Gaming, News

Pluto Flyby Made Possible By Early PlayStation CPU

Who would have ever thought that Sony’s (NYSE: SNE) original PlayStation would help NASA explore the wonders of space?

NASA’s recent Pluto flyby is regarded as a monumental historic achievement for mankind. This expedition marks the first mission in NASA’s New Frontiers Program, and after nine years in space, the probe is slowly solving Pluto’s many mysteries.

For the first time ever we’re able to plumb the depths of the farthest reaches of our Solar System in high-definition glory, revealing a ton of new secrets about the dwarf planet as well as a multitude of pictures and information.

New Horizons Spacecraft

The New Horizons probe.

This landmark discovery was made possible thanks to the New Horizons probe, a spacecraft originally launched in 2006. It has since spent nine years floating in the void of space.

Now you’d think that in order to send data across the Solar System that NASA would need to utilize extraordinary high-powered tech for their craft.

But interestingly enough the New Horizons actually shares the same CPU that Sony used for its original PlayStation consoles: the 32-bit MIPS R3000 CPU.

The probe’s “brain” consists of a Mongoose-V processor, which clocks in at 12 MHz and is actually a “radiation-hardened” version of the MIPS R3000.


NASA specifically designed Mongoose-V chip is a variation of the MIPS R3000 processor found in various devices including the original PlayStation.

NASA explains that the Mongoose-V “distributes operating commands to each subsystem, collects and processes instrument data, and sequences information sent back to Earth.”

The processor also runs advanced “autonomy” algorithms that “allow the spacecraft to check the status of each system and, if necessary, correct any problems, switch to backup systems or contact operators on Earth for help”.

In case you were wondering what kind of storage the New Horizons sports, it has two low-power solid-state recorders with up to 8GB each, which act like flash drives that are constantly relaying information and data back to Earth.

Pluto Horizons

NASA’s New Frontiers mission will likely carry on to shed light on the darkest corners of space.

Now as the piano-sized craft continues to hurdle the celestial wonders and relay priceless data back to Mother Earth, we stand mystified as it unveils new secrets of the heavens.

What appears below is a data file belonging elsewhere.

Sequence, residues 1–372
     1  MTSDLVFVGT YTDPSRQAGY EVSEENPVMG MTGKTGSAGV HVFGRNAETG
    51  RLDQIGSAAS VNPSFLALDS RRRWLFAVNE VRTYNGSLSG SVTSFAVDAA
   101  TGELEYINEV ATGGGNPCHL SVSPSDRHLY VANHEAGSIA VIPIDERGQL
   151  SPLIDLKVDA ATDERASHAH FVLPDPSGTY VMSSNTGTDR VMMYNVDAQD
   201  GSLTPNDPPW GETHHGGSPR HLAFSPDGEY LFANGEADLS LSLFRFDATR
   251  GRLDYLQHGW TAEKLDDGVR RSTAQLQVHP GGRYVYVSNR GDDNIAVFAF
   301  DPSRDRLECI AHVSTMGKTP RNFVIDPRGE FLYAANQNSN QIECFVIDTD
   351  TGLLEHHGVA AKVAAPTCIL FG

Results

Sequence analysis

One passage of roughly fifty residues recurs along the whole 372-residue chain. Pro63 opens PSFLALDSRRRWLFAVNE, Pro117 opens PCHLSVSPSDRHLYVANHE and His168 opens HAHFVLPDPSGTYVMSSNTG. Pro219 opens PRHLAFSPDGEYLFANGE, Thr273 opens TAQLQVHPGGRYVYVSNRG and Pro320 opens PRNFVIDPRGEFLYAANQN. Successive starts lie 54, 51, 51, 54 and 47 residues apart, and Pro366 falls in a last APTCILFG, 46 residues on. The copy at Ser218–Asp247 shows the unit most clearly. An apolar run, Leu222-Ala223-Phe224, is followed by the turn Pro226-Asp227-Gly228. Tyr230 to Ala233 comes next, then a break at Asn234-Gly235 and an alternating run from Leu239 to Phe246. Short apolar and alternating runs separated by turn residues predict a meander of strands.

To date we’ve learned that Pluto has ice mountains, a feature which has “geologists stunned and stumped” back on Earth. The probe continues to teach us about our Solar System, revealing that the dwarf planet and its moon Charon are (and have been) geologically active for the last 100 million years.

NASA has said that it’ll take an estimated 16 months to receive all the data from the probe, but they project that the mission will be a complete success.

We can only guess what mysteries will be contained in that data, but until then, we’ll all be watching like the Earthbound misfits we are.

  • Mark

    Pluto is a planet, Pluto has cleared it’s orbital path, has a dwarf planet in it’s gravitational field, has four additional moons, is not actually in the Kuiper Belt, and Pluto should be used as the standard for the lower end of the planetary scale. Eris could be considered a planet as well if you lower the scale a bit. Ceres could be considered a dwarf planet as well as a few others IMHO. Earth has a large planet as a moon so having a large planet orbiting does not rule out Pluto as a planet. There are moons around our gas giants that are larger than Mercury and if freed from their orbits could be planets as well. As you stated the IAU requires bona fide solar system planets to meet three criteria: (1) they orbit the sun; (2) they are big enough that gravity makes them round; and (3) their neighborhood is not filled with rival would-be planets. As noted Earth would fail this criteria so if Pluto fails this last criteria then so does Earth. Pluto is the ninth planet.

    • Thanks for the comment, and I honestly agree. The reclassification might be recognized but I think Pluto deserves its old designation.

      Maybe the new data will change its demotion; I mean. Hell they’re learning so much new info about Pluto that only goes to show how little they knew when it was demoted XD